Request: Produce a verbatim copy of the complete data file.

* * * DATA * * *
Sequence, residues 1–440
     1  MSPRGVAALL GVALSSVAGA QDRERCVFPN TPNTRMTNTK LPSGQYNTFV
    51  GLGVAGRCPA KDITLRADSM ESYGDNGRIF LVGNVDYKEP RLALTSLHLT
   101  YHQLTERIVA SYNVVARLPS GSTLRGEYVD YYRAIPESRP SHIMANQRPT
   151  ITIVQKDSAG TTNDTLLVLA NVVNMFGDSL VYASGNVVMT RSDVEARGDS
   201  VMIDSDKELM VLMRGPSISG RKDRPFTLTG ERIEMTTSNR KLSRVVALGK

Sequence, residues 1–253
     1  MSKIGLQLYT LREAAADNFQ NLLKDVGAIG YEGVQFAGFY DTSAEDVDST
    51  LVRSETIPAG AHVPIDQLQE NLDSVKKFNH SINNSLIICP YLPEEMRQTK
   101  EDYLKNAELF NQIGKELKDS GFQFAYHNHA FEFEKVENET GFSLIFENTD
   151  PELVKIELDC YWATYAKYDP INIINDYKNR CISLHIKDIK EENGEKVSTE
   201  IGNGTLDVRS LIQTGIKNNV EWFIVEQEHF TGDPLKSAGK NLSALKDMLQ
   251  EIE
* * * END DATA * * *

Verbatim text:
Sequence, residues 1–440
     1  MSPRGVAALL GVALSSVAGA QDRERCVFPN TPNTRMTNTK LPSGQYNTFV
    51  GLGVAGRCPA KDITLRADSM ESYGDNGRIF LVGNVDYKEP RLALTSLHLT
   101  YHQLTERIVA SYNVVARLPS GSTLRGEYVD YYRAIPESRP SHIMANQRPT
   151  ITIVQKDSAG TTNDTLLVLA NVVNMFGDSL VYASGNVVMT RSDVEARGDS
   201  VMIDSDKELM VLMRGPSISG RKDRPFTLTG ERIEMTTSNR KLSRVVALGK

Sequence, residues 1–253
     1  MSKIGLQLYT LREAAADNFQ NLLKDVGAIG YEGVQFAGFY DTSAEDVDST
    51  LVRSETIPAG AHVPIDQLQE NLDSVKKFNH SINNSLIICP YLPEEMRQTK
   101  EDYLKNAELF NQIGKELKDS GFQFAYHNHA FEFEKVENET GFSLIFENTD
   151  PELVKIELDC YWATYAKYDP INIINDYKNR CISLHIKDIK EENGEKVSTE
   201  IGNGTLDVRS LIQTGIKNNV EWFIVEQEHF TGDPLKSAGK NLSALKDMLQ
   251  EIE